Secretary of Defense Donald H. Rumsfeld said today that while a number of terrorist states are pursuing weapons of mass destruction, the threat posed by "Iraq is unique."
"No living dictator has shown the deadly combination of capability and intent - of aggression against his neighbors; pursuit of weapons of mass destruction; the use of weapons of mass destruction; oppression of his own people; support of terrorism; and the most threatening hostility to its neighbors and to the United States, than Saddam Hussein," said Rumsfeld in remarks to the Reserve Officers Association.
He contrasted the threat from Iraq to that of North Korea, saying, "In both word and deed, Iraq has demonstrated that it is seeking the means to strike the U.S., our friends and allies with weapons of mass destruction for a reason: so that it can acquire the territory of its neighbors," Rumsfeld said.
"North Korea, by contrast, is a country teetering on the verge of collapse. Its history has been one of using its weapons programs to blackmail the West into helping stave off an economic disaster. North Korea is a threat, to be sure. But it is a different kind of threat - one that needs to be handled differently."
The following is the text of Rumsfeld's prepared remarks:
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Thank you Colonel Davenport. Admiral, General Hemley, General McCarthy, Admiral Carmona, leaders and members of the Reserve Officers Association. I am pleased to be with you this morning. The Reserve Officers Association has been a strong voice for the American military for eighty years now. My goodness - you folks have been around even longer than I have!
I was a member of the Naval Reserve as a weekend warrior from when I left active duty in 1957 until I became Secretary of Defense the first time in 1975. As you know, that great American tradition dates back to the Revolutionary War, when citizen-soldiers dropped their pitchforks, grabbed their muskets, and left their families and farms behind to fight for freedom. You live that tradition today, and the American people are grateful to you, and proud of all you do for our country.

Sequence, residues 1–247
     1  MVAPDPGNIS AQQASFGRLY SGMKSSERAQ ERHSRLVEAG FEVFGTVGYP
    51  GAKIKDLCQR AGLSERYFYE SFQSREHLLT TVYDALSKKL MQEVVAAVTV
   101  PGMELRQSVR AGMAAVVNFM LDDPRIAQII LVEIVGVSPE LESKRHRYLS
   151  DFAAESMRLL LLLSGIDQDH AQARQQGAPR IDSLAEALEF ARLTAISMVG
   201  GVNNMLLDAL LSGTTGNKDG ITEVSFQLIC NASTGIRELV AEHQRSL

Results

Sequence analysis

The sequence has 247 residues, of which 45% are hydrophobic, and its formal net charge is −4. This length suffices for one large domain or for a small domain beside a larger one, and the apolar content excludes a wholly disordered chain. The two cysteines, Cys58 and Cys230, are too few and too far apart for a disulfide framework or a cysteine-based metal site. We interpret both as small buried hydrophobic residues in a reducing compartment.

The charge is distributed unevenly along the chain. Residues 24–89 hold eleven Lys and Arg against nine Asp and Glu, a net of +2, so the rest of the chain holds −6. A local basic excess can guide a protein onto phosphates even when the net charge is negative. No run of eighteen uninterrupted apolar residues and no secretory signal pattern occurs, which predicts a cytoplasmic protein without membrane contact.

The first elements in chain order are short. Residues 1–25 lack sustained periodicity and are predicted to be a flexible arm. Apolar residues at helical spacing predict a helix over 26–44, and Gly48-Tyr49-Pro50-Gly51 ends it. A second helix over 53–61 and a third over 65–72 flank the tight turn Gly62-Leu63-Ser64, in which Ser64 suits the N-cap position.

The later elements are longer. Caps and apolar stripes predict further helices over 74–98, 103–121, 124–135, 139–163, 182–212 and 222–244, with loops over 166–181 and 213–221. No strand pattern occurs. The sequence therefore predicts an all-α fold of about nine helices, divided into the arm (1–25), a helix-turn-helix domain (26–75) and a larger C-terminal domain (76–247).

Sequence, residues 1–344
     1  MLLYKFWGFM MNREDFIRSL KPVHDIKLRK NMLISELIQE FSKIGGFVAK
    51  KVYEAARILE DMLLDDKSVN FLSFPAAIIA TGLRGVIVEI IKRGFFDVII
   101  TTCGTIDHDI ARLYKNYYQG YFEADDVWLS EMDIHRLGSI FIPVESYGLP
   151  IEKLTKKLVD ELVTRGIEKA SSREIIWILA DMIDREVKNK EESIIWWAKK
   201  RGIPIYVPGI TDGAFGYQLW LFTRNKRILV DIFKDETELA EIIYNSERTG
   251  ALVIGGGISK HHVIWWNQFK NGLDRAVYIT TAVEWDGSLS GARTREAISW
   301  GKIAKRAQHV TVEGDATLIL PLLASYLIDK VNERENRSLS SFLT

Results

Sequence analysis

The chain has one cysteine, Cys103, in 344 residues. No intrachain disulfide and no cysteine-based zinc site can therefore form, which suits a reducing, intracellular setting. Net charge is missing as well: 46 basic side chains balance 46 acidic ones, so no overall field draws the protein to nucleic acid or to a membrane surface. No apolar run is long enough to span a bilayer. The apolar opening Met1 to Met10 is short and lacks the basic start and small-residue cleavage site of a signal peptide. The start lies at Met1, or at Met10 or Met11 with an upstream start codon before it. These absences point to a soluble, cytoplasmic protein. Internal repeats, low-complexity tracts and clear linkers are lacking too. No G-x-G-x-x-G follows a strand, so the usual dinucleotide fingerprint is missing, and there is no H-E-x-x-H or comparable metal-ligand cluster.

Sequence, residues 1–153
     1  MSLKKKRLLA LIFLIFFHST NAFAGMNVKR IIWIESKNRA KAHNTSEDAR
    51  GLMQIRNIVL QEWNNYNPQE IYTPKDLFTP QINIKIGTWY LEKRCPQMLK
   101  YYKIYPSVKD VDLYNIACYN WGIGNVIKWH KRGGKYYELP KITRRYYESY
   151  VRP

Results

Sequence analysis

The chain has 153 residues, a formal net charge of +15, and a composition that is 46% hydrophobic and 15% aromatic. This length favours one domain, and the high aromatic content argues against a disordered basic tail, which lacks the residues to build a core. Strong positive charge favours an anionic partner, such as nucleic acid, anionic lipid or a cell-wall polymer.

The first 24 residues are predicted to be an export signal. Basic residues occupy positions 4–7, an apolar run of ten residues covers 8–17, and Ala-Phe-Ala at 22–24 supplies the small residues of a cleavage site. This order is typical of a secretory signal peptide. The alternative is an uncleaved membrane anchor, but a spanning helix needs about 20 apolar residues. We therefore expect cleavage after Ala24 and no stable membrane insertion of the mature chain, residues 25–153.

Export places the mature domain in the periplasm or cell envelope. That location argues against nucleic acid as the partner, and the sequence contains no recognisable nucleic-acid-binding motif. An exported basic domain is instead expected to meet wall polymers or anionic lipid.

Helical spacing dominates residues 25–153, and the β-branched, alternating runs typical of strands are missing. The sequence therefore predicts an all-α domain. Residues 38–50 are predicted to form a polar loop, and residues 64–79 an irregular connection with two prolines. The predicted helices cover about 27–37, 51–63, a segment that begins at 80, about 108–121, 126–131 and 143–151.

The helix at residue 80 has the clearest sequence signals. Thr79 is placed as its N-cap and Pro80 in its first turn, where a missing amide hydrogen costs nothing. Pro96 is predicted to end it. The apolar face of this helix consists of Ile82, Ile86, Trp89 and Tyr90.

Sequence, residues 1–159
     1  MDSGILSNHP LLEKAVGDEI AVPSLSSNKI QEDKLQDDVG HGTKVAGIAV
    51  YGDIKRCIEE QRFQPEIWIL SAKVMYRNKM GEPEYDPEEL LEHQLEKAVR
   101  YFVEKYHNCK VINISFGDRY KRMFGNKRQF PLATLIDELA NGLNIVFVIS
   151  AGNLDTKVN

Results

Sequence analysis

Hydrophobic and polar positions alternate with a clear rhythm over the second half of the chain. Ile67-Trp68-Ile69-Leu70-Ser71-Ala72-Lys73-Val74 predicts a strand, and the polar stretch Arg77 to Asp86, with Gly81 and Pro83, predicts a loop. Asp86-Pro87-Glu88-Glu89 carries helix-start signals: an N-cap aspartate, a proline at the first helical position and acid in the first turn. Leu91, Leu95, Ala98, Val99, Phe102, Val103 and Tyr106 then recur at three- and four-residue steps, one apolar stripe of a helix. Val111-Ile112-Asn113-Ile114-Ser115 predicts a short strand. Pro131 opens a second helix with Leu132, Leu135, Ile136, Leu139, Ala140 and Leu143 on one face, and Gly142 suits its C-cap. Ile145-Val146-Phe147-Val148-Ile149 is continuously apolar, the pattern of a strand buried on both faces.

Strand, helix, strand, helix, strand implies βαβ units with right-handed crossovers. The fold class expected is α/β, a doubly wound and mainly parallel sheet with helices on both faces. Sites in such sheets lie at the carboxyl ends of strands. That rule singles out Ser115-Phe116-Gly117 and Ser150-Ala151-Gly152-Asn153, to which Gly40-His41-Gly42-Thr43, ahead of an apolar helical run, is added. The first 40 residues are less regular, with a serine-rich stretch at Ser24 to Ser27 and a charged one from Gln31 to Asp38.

We are grateful and proud of your families too. When your country calls, you put your lives on hold-leaving behind husbands and wives, sons and daughters, friends and loved ones, who miss you, and worry about you and endure long periods of separation. They also sacrifice for their country. And so do your employers, who make do without your skills and talents, so that you can apply them to the battlefield in defense of freedom.
When we were attacked on September 11th, more than 100,000 reservists and National Guard members sprang into action-Army, Navy, Air Force, Marines, and Coast Guard. They helped us defend the homeland, drive the Taliban from power, shut down the terrorist training camps, and liberate the Afghan people.
At this moment, Guard and Reserve Forces are patrolling streets, seas and skies across the globe, disrupting terrorist networks to prevent them from killing more of our people. These contributions have been vital to our success thus far in the global war on terror.
The attacks of September 11th were devastating. Yet September 11th-while unconventional in conception and planning-was essentially a conventional attack. Terrorists took airplanes, loaded with jet fuel, turned them into missiles, and used them to attack the Pentagon and World Trade Towers and kill thousands.
Yet, at this moment, terrorist networks and terrorist states are pursuing nuclear, chemical and biological weapons - capabilities that enable them to kill not thousands, but many tens of thousands or even hundreds of thousands of our people.
Our objective in the global war on terror is to stop them; to prevent additional attacks that would be far worse - before they happen.
There are a number of terrorist states pursuing such weapons of mass murder today. But, as the president has made clear, Iraq poses a threat to the security of our people, and the stability of the world, that is distinct from others. Consider the record:
Saddam Hussein possesses chemical and biological weapons, he has used chemical weapons against foreign forces and his own people, in one case killing some 5,000 innocent civilians in a single day.
His regime has invaded two of its neighbors, and has launched ballistic missiles at four of this neighbors.
He openly praised the attacks of September 11th.
His regime plays host to terrorist networks, and has ordered acts of terror on foreign soil.
His is the only country in the world that fires missiles and artillery at U.S. and coalition aircraft on an almost daily basis.